SARS-CoV-2, like other coronaviruses, builds a membrane-bound replication organelle to enable RNA replication1. The SARS-CoV-2 replication organelle is composed of double-membrane vesicles (DMVs) that are tethered to the endoplasmic reticulum (ER) by thin membrane connectors2, but the viral proteins and the host factors involved remain unknown. Here we identify the viral non-structural proteins (NSPs) that generate the SARS-CoV-2 replication organelle. NSP3 and NSP4 generate the DMVs, whereas NSP6, through oligomerization and an amphipathic helix, zippers ER membranes and establishes the connectors. The NSP6(ΔSGF) mutant, which arose independently in the Alpha, Beta, Gamma, Eta, Iota and Lambda variants of SARS-CoV-2, behaves as a gain-of-function mutant with a higher ER-zippering activity. We identified three main roles for NSP6: first, to act as a filter in communication between the replication organelle and the ER, by allowing lipid flow but restricting the access of ER luminal proteins to the DMVs; second, to position and organize DMV clusters; and third, to mediate contact with lipid droplets (LDs) through the LD-tethering complex DFCP1-RAB18. NSP6 thus acts as an organizer of DMV clusters and can provide a selective means of refurbishing them with LD-derived lipids. Notably, both properly formed NSP6 connectors and LDs are required for the replication of SARS-CoV-2. Our findings provide insight into the biological activity of NSP6 of SARS-CoV-2 and of other coronaviruses, and have the potential to fuel the search for broad antiviral agents.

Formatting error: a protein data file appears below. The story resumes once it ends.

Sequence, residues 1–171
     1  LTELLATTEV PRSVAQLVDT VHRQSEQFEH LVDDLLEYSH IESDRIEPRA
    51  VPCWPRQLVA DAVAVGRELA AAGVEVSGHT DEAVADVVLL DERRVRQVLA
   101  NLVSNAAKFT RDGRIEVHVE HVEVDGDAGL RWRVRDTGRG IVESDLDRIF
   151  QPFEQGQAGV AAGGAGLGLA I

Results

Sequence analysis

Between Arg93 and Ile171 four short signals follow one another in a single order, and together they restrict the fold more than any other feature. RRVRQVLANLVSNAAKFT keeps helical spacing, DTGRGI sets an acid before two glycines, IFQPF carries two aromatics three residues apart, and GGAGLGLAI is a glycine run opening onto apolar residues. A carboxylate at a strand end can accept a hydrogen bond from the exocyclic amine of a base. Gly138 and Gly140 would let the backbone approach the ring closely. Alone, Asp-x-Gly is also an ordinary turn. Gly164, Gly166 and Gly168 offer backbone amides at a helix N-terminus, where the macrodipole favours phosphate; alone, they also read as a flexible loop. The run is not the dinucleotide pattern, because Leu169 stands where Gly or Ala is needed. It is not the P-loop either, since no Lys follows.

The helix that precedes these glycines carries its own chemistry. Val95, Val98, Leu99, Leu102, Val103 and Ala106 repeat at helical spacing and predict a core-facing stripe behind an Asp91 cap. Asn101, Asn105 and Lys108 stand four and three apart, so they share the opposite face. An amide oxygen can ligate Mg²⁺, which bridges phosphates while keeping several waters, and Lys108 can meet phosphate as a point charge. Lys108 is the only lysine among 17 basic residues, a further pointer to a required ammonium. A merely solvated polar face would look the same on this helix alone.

© 2022. The Author(s), under exclusive licence to Springer Nature Limited.